What is yoga?

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Often, I am asked the question, “what is yoga?”

As a certified yoga teacher and exercise physiologist I love answering this question, because yoga is so much more than a form of exercise.    Yoga is one little word with so many approaches and interpretations.

The word yoga means “to unite”, to bring together all the parts of you – thoughts, emotions, body and heart to the present moment.   The purpose of the movements in yoga are to prepare your body for meditation, so your thoughts are less likely to be distracted in the past or future when meditating.    Five thousand years ago, it was understood that for our thoughts to calm we need to move first. 

Therefore, the movements in yoga are not about making your body look a certain way.  The power of the poses are in the mindset with which you do them.    Forcing your body into a position it is not ready to do and toughing it out, or criticizing yourself if you cannot do it well, is not yoga.  Moving your body into a position with the intention of listening to it, being kind to it,  by finding the level that is just challenging enough to hold your attention in the present moment is yoga.

Depending on how you do those movements, yoga can improve stamina, strength, balance, mobility – we can’t really put it in one category of fitness because it depends on how the movements are used.

But it is all yoga as long as you are moving in the present moment as an act of kindness to yourself.   It does not matter if this is done in a chair or on a yoga mat . It does not matter if you sweat.  It does not matter if you are very flexible.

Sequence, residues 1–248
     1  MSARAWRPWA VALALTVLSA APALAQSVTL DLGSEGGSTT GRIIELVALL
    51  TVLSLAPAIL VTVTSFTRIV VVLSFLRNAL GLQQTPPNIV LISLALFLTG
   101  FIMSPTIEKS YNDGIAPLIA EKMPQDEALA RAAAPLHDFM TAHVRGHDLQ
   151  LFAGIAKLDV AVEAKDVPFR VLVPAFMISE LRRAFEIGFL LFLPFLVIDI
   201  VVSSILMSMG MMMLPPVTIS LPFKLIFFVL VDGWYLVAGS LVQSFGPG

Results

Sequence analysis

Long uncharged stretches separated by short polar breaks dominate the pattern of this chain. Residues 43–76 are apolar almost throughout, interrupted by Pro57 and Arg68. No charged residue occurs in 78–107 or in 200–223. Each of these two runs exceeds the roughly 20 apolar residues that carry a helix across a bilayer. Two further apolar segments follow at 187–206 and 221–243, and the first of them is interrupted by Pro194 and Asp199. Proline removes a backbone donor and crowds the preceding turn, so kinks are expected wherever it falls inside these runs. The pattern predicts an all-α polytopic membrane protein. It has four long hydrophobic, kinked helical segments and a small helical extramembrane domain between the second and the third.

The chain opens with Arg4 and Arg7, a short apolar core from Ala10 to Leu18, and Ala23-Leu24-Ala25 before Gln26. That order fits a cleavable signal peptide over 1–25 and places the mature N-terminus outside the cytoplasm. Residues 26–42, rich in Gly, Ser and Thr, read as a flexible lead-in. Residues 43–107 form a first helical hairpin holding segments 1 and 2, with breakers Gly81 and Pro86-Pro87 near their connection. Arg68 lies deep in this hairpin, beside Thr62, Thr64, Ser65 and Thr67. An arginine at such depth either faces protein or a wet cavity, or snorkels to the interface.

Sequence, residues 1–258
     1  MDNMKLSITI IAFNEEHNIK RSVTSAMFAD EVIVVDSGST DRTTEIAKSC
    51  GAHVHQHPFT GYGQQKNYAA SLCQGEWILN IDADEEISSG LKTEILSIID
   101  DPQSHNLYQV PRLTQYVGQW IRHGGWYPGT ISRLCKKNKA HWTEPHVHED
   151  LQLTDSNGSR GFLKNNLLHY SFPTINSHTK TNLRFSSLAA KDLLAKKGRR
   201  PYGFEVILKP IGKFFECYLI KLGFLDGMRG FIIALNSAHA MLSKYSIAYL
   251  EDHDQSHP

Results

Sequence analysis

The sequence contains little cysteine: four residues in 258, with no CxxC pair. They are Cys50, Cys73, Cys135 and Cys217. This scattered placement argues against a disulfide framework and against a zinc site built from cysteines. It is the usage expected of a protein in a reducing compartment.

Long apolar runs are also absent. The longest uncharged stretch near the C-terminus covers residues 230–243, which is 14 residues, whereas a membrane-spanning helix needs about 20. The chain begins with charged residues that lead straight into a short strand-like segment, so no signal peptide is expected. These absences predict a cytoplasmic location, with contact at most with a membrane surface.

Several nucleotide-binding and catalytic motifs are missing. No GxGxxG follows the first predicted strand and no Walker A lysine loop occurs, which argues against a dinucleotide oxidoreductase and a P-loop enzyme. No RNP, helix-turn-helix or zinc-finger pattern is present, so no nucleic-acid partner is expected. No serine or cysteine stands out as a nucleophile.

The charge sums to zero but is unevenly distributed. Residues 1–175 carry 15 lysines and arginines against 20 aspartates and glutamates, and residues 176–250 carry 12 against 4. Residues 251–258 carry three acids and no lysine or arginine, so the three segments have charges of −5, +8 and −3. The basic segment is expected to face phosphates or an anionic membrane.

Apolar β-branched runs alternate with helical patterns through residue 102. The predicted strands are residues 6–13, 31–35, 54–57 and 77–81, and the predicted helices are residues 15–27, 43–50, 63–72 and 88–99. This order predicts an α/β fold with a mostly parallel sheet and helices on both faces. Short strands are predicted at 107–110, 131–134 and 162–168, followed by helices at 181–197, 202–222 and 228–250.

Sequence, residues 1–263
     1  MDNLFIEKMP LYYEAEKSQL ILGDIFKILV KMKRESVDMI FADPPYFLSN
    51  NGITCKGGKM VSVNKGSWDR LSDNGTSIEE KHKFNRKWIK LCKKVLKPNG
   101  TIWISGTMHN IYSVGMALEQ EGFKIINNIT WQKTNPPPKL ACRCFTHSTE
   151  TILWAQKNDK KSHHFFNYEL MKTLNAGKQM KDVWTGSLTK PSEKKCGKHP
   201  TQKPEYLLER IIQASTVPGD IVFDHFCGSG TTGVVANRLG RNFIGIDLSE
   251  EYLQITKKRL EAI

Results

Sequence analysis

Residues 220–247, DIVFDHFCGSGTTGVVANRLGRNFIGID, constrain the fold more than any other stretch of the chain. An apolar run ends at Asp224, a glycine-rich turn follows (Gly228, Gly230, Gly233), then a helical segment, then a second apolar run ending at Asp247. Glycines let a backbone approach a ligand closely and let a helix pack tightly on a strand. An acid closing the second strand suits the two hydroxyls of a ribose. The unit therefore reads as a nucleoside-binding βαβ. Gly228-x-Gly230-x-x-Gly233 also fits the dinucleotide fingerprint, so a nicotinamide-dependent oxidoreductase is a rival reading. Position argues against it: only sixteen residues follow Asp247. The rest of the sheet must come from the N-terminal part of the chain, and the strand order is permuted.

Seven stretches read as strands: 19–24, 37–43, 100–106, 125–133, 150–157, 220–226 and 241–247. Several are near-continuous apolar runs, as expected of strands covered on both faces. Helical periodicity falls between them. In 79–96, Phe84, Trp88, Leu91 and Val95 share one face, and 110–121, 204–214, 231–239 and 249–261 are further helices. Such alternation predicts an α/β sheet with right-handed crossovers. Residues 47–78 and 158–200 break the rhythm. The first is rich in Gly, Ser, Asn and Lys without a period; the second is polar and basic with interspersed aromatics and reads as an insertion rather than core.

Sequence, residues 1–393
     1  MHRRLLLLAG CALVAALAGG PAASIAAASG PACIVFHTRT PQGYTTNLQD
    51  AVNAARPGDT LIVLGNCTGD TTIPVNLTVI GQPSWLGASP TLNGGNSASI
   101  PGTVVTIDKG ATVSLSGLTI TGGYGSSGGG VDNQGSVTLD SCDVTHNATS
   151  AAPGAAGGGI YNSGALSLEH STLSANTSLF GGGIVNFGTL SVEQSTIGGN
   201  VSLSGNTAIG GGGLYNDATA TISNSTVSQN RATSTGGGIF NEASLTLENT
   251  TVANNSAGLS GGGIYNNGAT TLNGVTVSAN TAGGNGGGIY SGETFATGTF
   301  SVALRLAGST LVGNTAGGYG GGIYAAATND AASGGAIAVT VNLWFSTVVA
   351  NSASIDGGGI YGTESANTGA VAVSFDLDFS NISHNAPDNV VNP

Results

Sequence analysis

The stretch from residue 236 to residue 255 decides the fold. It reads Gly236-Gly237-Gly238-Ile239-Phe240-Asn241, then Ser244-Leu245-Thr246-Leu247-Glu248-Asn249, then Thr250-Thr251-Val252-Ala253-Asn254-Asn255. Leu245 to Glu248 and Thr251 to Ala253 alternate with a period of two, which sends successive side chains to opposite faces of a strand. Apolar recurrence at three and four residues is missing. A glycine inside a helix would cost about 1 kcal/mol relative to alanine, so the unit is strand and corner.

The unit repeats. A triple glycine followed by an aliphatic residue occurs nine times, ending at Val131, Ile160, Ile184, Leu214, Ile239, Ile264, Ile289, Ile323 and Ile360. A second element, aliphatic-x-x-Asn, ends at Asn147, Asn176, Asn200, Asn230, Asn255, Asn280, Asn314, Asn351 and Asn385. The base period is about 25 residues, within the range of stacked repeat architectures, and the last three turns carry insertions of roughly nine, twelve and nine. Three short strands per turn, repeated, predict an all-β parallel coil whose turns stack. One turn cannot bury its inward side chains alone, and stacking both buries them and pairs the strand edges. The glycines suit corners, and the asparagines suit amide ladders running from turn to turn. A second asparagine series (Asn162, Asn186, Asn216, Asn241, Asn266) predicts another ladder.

“You can’t fail at yoga” is what I tell all my classes.   I find we need the reminder often because we tend to assess our ability to do an exercise based on our “performance”.  Because yoga is based on your mindset as you move, you cannot fail.  Yoga reminds us to shift our attention to how it feels on the inside, not how it looks on the outside.  Sometimes that shift happens easily, sometimes it takes a constant reminder to come back to the present moment and practice listening to your body.  This is why yoga is called a “practice”, not a “perfect”.

If you have ever felt like you “failed” at yoga, it was not yoga.  There are many yoga videos and classes that are designed to work with your body by using a chair or modifying poses to find what works best for your body right now.  Seek an instructor that teaches yoga by the true definition of the word.

Next blog we will answer “is yoga good for weight loss”?

Keep Moving, Be Well

Janet

These weekly blogs are general guidelines. These guidelines apply to patients who are cleared by a physician for the type of exercise described. Please contact your physician with any concerns or questions. Always report any symptoms associated with exercise, such as pain, irregular heartbeats, and dizziness or fainting, to your physician.

Please share these posts with anyone you know interested in losing weight with or without weight loss surgery.  Click here to learn more about the UMass Memorial Weight Center

 

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by | March 26, 2018 · 6:25 pm

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